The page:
Quick! Print out a list of all of your accounts. Do it right now.
Did you print it? Probably not. After all, you know your list. You know your clients too, and besides, how could I say or ask anything that would be relevant to your specific list?
The reality is that after all my years in sales and as a sales coach, I don’t need to see your list to know that there is untapped information and potential there. It might be that no one ever showed you how to mine your list. Or, it might be a case of having forgotten how a few simple questions can keep you inspired to reach another level. Either way, there’s a tremendous amount of value in analyzing your list.
As you know, I’m a firm believer in the application of Pareto’s 80/20 principle. That means that if you have a list of 80 clients, 16 of them are in the 20%, providing you with 80% of your revenue. The other 64 clients aren’t.
With your top accounts, what do they have in common with each other? Is it their industry, location, or the way the company is structured? Are they all within a specific aspect of the industry that you have more expertise in? Why do you think they do business with you rather than your competitors?
When it comes to mining your top 16, think about the way their business is built and how they structured themselves. Then brainstorm/research for other businesses, companies, and organizations that mirror their setup. This will provide you with a list of more potential top 20% performers.
Make sure your top accounts really are profitable. There are times when the revenue they provide looks good until you dive into how much time, effort and work it’s costing you to consider them as one of your top 20%.
Don’t forget about your other 64 clients. Take a long look at each one of them to determine their long-term prognosis as being a good match for you and your list. Are there any with the potential of moving up and into your top 20%? If there are, consider how much time it would take to get them there. Are you willing to make the effort? If you aren’t, it doesn’t mean you should get rid of them as a client. It just means you can block the time you spend on their account off your calendar well into the future.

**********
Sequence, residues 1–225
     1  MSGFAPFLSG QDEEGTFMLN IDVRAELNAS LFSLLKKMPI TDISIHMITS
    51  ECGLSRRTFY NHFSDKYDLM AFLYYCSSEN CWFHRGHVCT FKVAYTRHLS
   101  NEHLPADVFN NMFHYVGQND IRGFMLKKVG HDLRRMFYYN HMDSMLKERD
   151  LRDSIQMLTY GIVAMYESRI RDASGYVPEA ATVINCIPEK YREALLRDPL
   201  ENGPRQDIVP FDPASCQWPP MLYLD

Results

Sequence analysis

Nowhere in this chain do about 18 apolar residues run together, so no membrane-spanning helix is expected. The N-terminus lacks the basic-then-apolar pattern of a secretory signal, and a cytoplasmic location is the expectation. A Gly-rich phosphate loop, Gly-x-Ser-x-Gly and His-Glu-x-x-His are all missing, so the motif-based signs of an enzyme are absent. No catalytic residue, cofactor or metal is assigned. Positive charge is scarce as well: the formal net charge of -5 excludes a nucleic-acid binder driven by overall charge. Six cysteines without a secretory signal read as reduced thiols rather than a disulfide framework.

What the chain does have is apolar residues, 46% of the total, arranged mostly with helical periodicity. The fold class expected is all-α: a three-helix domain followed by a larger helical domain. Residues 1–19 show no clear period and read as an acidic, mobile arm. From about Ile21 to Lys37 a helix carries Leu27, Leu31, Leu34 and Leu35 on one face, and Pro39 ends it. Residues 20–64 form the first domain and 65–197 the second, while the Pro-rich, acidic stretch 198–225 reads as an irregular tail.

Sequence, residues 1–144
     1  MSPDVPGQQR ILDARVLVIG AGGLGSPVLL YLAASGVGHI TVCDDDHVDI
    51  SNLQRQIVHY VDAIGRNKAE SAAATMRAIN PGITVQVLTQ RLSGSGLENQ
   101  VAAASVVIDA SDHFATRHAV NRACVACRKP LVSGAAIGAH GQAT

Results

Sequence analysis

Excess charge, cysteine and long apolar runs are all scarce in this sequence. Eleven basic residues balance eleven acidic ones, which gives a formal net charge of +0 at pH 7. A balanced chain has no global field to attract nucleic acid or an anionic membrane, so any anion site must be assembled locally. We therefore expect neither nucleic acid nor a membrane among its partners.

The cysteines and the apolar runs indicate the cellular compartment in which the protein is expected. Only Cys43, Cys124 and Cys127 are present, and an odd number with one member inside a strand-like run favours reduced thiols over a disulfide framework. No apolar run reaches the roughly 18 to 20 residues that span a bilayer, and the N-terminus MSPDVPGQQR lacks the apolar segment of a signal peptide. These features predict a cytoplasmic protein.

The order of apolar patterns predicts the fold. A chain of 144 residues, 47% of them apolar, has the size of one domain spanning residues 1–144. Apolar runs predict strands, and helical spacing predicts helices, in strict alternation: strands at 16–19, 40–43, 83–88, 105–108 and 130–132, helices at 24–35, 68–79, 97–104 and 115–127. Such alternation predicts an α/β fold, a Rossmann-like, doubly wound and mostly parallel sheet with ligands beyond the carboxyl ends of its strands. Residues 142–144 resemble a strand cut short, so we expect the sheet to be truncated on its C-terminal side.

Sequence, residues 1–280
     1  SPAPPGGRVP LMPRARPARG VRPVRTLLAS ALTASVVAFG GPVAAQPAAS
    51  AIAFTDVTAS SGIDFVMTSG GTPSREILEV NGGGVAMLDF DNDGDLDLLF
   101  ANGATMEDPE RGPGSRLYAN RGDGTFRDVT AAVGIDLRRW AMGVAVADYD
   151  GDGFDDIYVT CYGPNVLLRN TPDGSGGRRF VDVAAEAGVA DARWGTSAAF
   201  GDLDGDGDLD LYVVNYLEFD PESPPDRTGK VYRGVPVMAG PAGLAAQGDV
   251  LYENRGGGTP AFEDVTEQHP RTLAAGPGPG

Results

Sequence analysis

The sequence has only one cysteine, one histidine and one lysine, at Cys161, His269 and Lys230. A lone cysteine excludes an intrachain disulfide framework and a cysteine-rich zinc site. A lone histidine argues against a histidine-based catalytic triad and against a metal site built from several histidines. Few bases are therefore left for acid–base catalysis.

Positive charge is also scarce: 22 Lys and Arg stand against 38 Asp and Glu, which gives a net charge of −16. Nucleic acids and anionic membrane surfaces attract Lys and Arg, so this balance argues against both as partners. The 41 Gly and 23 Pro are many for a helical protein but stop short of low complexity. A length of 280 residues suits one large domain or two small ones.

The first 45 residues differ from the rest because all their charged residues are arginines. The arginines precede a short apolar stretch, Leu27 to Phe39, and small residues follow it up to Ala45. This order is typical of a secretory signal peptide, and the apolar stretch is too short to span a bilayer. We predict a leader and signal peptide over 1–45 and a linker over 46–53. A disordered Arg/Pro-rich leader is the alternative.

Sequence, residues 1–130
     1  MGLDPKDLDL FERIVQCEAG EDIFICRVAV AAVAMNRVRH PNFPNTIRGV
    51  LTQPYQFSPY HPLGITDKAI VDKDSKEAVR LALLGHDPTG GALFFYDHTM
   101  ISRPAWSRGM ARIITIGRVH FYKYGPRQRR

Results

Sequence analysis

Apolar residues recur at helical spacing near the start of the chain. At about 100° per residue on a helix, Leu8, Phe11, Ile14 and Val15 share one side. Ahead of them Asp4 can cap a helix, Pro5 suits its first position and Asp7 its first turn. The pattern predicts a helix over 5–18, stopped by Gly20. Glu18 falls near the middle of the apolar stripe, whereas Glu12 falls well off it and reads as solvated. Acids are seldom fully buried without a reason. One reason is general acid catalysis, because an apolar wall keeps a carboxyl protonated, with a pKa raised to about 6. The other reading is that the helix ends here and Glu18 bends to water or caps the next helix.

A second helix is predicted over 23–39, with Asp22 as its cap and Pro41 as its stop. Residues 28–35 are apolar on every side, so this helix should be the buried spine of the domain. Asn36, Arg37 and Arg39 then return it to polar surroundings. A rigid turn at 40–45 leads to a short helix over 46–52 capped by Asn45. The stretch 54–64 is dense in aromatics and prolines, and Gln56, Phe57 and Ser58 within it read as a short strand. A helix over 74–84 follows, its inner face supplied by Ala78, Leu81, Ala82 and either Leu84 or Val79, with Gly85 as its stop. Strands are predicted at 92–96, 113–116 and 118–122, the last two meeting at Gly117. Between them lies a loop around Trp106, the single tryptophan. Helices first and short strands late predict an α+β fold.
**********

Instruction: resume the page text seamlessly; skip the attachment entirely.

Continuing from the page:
With the lower performing clients, maybe it’s time to consider another alternative for them—like inside sales. Could you hand them over to a new sales rep in your company? Obviously you can keep them, but you will be blocking off your valuable time to work on their accounts well into the future too. On the other hand, if you come up with a way to professionally and ethically let them go, you’ll have more time to pursue new accounts.
There’s always a balance to be struck in sales. We want to believe that our client list is structured with the necessary combination of clients who will help us reach both our sales and monetary goals. But business is always on the move—always changing.
When was the last time you went through your client list to make sure everyone on it is still performing in a way that supports their goals as well as yours?
Alan Luoma: I am a Sales Coach with extensive experience in industrial sales, sales management, new
product development, sales and product training. I work part time with a great national sustainable packaging company and their exceptional distributors to increase sales. My success has been and is in utilizing the Pareto 80/20 principal in business and life. I have become an expert in seeking out and eliminating behaviors that prevent business people from being successful. I am a member of The National Speakers Association and New England Speakers Association. You can view my profile on LinkedIn, or contact me at Luoma@snet.net